The Desirability of a Single Market in Financial
We, and our witnesses, agree that a single market
in financial services would benefit the European Union and the
United Kingdom. It should lower the cost of capital and borrowing,
increase the range of choice for borrowers and investors and ought
to provide protection for the investor/consumer.
The Financial Services Action Plan (FSAP)
The FSAP provides a major impetus towards the creation
of an internal market but it raises many important issues. We
recognise that deadlines are important to achieve political milestones
but we do not believe that they should be the determining factor.
Quality of legislation is vital. Financial markets carry an
inherent systemic risk. Over-regulation could stifle innovation
and lead to higher costs.
There will be major burdens for the Commission, the
Committee of European Securities Regulators (CESR), Member States
and Companies in transposing the framework regulation. We do
not think that the extent of the potential burden has been fully
The Global Context
It is essential that any changes to the regulatory
system in Europe take account of the global nature of financial
markets. Business can move elsewhere. We think this must be
a key criterion against which to test all proposed EU regulation.
The Position of London
London attracts envy and admiration in other Member
States. There has been a misunderstanding about the nature of
the financial markets located in London. They are not an exclusive
UK asset. London is a global market not a national one; it should
be regarded as a EU asset. If over-regulation or poorly drafted
legislation drives business away from London, it will not go elsewhere
in the European Union but to international markets where the regulatory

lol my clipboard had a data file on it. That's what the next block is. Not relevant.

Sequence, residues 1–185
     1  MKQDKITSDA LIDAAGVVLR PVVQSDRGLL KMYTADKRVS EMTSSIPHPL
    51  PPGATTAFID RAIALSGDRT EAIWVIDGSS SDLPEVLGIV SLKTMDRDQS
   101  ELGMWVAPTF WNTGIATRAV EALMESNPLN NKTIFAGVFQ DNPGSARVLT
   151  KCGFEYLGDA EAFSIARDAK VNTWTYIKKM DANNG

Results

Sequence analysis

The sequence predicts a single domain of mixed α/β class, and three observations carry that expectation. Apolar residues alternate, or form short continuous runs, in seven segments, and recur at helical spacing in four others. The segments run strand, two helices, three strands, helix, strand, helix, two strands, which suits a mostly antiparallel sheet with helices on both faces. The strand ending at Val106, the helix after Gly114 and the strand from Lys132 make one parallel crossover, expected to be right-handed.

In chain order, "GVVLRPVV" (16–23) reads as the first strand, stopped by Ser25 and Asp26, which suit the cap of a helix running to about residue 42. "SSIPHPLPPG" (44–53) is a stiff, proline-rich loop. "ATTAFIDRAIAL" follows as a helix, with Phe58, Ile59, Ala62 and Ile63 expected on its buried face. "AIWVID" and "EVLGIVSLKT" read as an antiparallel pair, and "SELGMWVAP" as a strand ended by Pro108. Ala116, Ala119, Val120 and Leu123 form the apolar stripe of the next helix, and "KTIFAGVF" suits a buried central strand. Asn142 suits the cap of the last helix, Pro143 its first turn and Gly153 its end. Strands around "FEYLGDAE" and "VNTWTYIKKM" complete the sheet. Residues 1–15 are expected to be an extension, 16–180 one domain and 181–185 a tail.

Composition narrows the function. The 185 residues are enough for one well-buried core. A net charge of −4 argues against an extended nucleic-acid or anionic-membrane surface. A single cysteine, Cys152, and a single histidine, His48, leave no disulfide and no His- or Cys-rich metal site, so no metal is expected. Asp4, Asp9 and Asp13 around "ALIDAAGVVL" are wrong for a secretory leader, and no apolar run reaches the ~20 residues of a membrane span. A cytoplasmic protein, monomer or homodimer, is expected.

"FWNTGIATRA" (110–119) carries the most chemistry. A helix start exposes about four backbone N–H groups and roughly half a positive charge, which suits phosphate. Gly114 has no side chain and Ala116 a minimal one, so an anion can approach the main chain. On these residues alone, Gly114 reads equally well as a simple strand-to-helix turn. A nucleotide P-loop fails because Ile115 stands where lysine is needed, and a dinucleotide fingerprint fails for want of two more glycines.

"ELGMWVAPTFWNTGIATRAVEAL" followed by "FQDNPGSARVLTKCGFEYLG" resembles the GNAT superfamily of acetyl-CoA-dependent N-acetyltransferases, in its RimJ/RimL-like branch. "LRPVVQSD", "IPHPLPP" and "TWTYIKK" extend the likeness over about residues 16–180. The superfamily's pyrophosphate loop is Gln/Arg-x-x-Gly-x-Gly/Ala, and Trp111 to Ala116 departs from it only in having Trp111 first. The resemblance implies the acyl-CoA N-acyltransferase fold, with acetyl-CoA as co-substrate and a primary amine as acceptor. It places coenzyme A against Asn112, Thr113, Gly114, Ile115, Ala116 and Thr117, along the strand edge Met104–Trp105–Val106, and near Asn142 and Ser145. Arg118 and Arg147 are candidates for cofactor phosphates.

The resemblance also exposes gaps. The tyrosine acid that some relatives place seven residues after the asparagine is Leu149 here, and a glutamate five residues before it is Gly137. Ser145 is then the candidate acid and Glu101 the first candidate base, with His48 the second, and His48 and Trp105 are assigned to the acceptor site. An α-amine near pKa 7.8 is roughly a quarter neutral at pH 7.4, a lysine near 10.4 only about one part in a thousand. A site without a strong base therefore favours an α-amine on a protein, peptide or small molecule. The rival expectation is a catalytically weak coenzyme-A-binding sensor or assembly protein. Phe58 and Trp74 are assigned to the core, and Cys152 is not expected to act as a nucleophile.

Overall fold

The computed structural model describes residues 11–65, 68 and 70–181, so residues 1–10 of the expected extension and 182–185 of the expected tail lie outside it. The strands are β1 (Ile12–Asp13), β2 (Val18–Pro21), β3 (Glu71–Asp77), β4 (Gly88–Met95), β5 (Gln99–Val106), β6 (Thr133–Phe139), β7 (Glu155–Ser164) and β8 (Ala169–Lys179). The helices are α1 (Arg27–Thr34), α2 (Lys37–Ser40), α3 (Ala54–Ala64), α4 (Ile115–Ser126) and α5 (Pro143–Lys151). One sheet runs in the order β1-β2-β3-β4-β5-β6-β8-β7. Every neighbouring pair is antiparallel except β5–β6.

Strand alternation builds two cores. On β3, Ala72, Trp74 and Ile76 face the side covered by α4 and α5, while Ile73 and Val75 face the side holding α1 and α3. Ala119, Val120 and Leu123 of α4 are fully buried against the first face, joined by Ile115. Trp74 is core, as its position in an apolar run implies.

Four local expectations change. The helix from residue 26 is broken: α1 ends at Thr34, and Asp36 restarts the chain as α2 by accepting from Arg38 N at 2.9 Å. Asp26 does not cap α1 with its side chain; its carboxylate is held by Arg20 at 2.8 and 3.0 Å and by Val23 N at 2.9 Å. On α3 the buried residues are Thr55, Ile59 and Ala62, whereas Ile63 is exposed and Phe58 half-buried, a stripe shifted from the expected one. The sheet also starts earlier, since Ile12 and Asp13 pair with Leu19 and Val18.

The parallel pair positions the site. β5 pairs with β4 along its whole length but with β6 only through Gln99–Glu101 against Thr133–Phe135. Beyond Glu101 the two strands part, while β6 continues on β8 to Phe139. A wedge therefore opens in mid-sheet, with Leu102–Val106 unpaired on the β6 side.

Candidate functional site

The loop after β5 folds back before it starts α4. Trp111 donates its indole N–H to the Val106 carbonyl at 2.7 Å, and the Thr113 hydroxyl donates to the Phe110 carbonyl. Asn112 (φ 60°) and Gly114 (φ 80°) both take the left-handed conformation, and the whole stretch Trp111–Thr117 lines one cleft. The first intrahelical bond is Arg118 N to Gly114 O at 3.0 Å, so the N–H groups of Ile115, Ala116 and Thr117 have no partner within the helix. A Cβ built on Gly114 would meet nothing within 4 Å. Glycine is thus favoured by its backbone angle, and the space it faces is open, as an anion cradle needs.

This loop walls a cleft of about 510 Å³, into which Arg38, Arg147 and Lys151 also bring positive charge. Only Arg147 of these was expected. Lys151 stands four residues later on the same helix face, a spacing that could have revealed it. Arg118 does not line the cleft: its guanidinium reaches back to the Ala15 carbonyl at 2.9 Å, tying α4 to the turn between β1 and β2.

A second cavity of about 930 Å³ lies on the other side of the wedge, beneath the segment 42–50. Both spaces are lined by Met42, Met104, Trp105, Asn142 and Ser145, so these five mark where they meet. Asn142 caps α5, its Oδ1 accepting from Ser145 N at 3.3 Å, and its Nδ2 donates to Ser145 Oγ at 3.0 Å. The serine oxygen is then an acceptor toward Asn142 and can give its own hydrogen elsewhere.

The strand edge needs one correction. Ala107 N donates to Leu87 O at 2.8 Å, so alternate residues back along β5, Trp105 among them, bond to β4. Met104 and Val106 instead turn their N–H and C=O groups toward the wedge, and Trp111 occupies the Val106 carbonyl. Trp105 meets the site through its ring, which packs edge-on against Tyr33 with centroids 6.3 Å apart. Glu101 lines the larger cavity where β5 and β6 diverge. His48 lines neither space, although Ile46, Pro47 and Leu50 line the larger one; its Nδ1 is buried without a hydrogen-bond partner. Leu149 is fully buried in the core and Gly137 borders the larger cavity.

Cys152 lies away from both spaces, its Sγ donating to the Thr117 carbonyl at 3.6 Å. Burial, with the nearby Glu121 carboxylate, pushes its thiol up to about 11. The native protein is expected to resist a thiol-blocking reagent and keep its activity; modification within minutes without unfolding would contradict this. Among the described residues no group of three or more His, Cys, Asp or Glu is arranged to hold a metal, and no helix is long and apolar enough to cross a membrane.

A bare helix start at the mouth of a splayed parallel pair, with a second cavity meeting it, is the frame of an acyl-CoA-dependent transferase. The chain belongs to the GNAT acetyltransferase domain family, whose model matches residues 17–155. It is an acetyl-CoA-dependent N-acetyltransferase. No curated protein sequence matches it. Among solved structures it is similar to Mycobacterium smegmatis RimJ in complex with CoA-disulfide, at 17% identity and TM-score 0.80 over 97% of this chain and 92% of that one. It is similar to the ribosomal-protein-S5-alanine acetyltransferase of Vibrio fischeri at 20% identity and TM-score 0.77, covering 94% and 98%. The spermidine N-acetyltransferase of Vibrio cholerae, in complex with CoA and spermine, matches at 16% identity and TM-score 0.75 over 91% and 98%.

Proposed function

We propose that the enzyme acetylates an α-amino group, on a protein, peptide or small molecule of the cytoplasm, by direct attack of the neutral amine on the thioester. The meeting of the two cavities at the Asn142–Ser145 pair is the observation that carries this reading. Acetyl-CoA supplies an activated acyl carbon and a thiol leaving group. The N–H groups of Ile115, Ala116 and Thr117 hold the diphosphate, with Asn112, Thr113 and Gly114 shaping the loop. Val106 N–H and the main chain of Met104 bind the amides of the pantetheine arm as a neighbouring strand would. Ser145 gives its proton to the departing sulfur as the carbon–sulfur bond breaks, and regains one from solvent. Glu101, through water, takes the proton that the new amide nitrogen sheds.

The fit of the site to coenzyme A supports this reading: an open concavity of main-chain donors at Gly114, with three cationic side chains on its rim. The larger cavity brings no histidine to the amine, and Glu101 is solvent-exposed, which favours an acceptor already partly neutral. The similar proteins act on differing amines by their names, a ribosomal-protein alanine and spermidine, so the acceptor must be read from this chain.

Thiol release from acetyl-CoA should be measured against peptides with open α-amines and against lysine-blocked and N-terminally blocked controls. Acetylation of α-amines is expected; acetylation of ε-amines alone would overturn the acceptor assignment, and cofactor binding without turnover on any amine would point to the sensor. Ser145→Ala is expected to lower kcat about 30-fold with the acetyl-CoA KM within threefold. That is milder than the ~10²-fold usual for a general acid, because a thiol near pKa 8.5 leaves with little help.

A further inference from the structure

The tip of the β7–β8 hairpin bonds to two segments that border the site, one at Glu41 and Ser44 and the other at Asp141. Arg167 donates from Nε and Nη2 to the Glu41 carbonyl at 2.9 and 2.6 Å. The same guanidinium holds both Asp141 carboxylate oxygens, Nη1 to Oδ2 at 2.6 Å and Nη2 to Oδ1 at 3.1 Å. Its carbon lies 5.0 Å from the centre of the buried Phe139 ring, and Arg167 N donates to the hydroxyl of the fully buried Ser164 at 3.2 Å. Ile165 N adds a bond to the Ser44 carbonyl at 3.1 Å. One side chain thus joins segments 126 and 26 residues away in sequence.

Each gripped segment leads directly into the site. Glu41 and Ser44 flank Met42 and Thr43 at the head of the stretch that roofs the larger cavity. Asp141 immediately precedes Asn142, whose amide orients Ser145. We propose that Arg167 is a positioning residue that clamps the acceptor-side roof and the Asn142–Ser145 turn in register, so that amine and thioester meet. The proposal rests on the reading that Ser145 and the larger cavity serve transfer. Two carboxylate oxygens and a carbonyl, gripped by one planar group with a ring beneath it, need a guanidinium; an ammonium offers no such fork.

touch is lighter.
The Investment Services Directive (ISD)
The Council decision on 7 October 2003, when the
UK and four other Member States were outvoted, represents a step
backwards. We urge the Government to make every effort to achieve
an acceptable outcome.
Implementation and Enforcement
The Lamfalussy process is designed to accelerate
the creation and subsequent implementation of framework legislation
and to provide appropriate detail and guidance for industry.
There is tension at the heart of this system between the light
touch need for flexibility and the desire and intention of the
regulators to achieve as much harmonisation as possible in order
to bring about a level playing field.
We support a "call-back" requirement for
legislation at Level 2 to be scrutinised by the European Parliament.
The Lamfalussy process relies on comitology to accelerate the
implementation of legislation but this must not be accompanied
by a loss of parliamentary accountability.
A Single European Regulator
While the Lamfalussy process faces enormous challenges,
we believe that it must be given time to see if it will work effectively
in providing the regulatory framework that will enable a European
single market to flourish. We found no support for the concept
of a single European regulator.
Clearing and Settlement
Although not part of the Financial Services Action
Plan there is a need for a Europe-wide, cross-border, efficient
and effective clearing and settlement system. We did not examine
this in detail and cannot make a recommendation for a specific
means of achieving this. We support the Giovannini process.
We urge the European Union at all levels to consider quickly whether
legislation is required or whether the markets can create a pan-European,
cross-border clearing and settlement system without the need for
International Accountancy Standards (IAS)
Negotiations on these are moving ahead and the International
Financial Reporting Standards (IFRS) are due to be implemented
in 2005. It is essential that the remaining difficulties (on
IAS 32 and 39) be resolved soon and that mutual acceptability
be achieved with other international systems such as the United
States Generally Accepted Accounting Principles (GAAP).